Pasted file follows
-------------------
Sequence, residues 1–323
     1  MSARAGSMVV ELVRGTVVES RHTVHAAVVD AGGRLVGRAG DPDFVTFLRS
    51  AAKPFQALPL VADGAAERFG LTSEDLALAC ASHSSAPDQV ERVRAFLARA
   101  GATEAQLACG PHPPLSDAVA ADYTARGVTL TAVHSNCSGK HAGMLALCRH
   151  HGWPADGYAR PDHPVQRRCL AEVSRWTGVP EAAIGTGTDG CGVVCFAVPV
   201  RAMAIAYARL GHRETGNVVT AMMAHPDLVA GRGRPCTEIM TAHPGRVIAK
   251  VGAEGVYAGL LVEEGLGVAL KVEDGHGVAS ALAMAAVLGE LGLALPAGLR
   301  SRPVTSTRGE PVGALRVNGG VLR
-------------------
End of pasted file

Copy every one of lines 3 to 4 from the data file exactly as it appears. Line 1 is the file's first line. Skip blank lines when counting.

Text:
    51  AAKPFQALPL VADGAAERFG LTSEDLALAC ASHSSAPDQV ERVRAFLARA
   101  GATEAQLACG PHPPLSDAVA ADYTARGVTL TAVHSNCSGK HAGMLALCRH